Edible Uses: Condiment; Tea.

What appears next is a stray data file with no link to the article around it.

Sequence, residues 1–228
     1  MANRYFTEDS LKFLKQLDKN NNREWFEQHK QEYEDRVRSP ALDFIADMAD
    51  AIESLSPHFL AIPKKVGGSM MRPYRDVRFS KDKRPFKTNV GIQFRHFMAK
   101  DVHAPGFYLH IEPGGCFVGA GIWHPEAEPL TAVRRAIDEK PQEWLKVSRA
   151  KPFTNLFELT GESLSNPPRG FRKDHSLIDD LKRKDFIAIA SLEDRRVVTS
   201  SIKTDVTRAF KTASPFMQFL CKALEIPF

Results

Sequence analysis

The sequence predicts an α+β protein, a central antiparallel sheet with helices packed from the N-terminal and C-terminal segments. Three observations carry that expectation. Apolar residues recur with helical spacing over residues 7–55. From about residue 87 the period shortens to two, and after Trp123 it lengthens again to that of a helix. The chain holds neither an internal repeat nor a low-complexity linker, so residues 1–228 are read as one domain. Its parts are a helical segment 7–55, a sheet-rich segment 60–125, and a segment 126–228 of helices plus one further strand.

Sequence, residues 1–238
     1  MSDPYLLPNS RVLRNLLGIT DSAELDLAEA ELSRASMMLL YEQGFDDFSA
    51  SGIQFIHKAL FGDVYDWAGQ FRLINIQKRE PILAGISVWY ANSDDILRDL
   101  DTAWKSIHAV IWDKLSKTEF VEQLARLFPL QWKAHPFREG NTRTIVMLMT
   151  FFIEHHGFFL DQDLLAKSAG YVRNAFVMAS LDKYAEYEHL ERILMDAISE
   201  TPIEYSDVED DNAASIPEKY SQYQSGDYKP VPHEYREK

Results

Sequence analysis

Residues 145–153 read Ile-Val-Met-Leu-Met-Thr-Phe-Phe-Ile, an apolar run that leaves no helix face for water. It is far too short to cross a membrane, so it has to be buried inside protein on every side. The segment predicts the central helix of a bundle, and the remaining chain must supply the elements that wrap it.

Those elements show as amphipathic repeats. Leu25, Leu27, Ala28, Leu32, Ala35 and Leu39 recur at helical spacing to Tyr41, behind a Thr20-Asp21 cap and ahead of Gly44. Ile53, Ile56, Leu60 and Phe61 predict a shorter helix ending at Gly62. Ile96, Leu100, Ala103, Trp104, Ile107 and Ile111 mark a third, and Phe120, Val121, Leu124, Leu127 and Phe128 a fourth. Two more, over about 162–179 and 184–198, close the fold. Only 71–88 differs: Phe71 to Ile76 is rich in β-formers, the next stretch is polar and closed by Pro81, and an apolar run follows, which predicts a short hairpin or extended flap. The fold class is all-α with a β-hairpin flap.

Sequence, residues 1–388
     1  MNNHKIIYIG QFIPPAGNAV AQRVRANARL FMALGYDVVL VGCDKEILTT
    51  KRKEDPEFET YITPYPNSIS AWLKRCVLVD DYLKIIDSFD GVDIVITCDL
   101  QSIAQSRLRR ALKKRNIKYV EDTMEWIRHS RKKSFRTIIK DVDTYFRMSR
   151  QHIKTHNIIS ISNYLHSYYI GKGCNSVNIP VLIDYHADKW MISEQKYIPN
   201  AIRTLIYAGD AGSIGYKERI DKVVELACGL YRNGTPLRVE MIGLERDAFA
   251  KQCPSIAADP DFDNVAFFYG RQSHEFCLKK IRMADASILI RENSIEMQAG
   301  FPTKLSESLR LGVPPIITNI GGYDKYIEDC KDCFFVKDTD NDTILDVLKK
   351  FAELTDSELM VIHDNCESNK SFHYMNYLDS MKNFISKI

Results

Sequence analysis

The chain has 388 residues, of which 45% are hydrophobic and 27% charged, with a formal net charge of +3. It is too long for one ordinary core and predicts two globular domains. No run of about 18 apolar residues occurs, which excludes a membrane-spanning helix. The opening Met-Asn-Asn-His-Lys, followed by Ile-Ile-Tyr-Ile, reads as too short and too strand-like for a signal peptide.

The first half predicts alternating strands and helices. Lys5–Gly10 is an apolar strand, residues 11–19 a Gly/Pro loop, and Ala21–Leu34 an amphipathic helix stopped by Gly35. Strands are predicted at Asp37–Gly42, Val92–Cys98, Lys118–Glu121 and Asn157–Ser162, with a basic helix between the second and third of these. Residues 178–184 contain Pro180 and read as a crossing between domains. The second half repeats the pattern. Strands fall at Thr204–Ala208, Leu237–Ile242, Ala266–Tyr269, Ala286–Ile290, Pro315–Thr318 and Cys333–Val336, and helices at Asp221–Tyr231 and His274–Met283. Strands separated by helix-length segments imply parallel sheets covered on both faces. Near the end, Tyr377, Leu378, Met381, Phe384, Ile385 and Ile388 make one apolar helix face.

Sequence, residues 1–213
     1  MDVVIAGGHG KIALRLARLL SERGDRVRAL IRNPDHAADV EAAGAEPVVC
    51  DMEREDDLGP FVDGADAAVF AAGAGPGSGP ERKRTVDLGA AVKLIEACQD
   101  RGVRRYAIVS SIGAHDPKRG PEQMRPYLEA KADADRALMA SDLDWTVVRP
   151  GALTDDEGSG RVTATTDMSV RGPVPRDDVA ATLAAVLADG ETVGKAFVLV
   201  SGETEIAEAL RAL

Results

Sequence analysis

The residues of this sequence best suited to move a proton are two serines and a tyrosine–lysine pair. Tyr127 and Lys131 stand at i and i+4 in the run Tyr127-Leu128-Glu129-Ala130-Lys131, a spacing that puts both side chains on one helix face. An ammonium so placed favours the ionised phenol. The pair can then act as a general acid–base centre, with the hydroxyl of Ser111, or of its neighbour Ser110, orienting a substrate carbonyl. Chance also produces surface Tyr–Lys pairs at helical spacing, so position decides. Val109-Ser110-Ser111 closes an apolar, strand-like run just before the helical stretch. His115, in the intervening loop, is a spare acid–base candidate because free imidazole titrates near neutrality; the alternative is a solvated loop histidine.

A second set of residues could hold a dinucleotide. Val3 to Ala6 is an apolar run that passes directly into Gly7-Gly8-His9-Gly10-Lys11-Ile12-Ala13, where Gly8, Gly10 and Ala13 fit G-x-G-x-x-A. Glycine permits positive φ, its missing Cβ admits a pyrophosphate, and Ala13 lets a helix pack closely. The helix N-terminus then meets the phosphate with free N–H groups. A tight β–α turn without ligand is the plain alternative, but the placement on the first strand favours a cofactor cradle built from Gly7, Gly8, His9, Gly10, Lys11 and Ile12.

Young leaves and flower buds are eaten raw or cooked. Usually available all through the winter. The leaves have a very mild flavour, though they soon become quite tough as they grow older. They make a very good salad, their mild flavour enabling them to be used in bulk whilst other stronger-tasting leaves can then be added to give more flavour[K]. When added to soup they thicken it in much the same way as okra. Also used as a flavouring in puddings etc. A tea can be made from the leaves. Flowers – raw. Used to decorate salads and desserts. A sweet mild flavour with a delicate perfume, the flowers are an especially welcome decoration for the salad bowl since they are available in late winter. The flowers are also used fresh to flavour and colour confectionery. A soothing tea can be made from the leaves and flowers. A leaf extract is used to flavour sweets, baked goods and ice cream